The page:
The Southern United States underwent several major sound changes from the beginning to the middle of the twentieth century, during which a more unified, region-wide sound system developed, markedly different from the sound systems of the nineteenth-century Southern dialects. This dialect fell out of fashion after World War II, but experienced a renewal in primarily male speakers born since the s, who have been the most appealed by, and the biggest appealers for, a successful Cajun cultural renaissance.
Unfortunately, our website is currently unavailable in most European countries. Modern-day Charleston speakers have leveled in the direction of a more generalized Midland accent, away from the city's now-defunct, traditional Charleston accent, whose features were "diametrically opposed to the Southern Shift The New York City English features shared with this dialect include: Yat also lacks the typical vowel changes of the Southern Shift and the pin—pen merger that are commonly heard elsewhere throughout the South.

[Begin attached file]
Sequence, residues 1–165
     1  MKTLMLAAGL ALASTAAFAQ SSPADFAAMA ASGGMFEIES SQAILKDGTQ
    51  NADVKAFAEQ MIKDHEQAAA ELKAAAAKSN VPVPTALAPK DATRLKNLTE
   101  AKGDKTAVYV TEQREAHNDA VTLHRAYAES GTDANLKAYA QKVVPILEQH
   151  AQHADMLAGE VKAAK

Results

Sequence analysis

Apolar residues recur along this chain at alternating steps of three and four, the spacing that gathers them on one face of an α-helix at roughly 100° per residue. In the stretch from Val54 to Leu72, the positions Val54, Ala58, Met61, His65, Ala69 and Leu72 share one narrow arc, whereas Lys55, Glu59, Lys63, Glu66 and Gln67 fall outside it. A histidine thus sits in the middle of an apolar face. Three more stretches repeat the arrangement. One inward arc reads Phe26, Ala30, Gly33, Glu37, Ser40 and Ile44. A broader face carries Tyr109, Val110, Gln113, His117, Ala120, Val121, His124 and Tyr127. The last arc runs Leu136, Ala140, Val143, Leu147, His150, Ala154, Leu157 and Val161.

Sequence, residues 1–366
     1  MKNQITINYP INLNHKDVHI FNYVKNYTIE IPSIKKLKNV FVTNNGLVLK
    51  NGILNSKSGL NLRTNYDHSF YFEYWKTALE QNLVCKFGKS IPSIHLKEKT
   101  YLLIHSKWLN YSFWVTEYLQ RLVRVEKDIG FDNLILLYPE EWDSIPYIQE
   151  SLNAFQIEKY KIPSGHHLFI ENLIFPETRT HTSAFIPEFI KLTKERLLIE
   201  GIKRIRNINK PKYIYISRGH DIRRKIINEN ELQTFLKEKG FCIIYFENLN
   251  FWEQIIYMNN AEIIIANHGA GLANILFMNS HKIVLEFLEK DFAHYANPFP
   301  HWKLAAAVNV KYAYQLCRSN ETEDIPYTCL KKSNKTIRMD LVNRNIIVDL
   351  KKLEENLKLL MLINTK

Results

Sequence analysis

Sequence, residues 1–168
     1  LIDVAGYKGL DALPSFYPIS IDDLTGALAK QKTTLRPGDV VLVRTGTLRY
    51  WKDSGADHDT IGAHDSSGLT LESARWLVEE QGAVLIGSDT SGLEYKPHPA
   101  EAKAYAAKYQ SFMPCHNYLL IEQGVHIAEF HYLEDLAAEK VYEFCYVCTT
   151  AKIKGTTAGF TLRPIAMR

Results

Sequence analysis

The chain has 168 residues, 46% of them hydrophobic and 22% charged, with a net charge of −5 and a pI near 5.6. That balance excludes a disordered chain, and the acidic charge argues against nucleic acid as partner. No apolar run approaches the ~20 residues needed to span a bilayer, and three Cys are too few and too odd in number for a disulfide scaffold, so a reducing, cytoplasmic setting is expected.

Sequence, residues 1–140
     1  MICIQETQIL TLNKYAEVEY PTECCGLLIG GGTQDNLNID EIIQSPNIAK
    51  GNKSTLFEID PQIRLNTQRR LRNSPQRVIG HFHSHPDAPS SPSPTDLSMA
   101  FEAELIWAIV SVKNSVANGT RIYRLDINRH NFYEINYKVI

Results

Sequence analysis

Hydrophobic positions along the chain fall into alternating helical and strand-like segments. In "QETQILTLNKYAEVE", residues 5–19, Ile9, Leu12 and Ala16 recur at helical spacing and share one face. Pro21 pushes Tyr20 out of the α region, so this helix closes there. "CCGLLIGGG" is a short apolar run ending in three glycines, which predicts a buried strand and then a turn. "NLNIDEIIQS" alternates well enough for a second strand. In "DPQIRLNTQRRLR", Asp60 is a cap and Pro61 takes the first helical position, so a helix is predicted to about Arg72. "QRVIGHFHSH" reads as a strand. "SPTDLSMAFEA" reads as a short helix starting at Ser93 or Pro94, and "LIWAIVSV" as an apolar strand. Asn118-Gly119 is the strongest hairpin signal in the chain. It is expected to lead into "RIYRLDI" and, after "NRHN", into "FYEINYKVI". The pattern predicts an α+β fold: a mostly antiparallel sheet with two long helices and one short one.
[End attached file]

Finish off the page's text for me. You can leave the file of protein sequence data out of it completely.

African-American English has many common points with Southern American English dialects due to the strong historical ties of African Americans to the South.
Since at least the s, this local New Orleans dialect has popularly been called "Yat", from the common local greeting "Where you at? We are engaged on the issue and committed to looking at options that support our full range of digital offerings to the EU market. We continue to identify technical compliance solutions that will provide all readers with our award-winning journalism.
The South proper as a present-day dialect region generally includes all of these pronunciation features below, which are popularly recognized in the United States as a "Southern accent". One historical English dialect spoken only by those raised in the Greater New Orleans area is non-rhotic and noticeably shares more pronunciation commonalities due to very strong historical ties with the New York accent than with other Southern accents.
This French dialect is spoken by many of the older members of the Cajun ethnic group and is said to be dying out.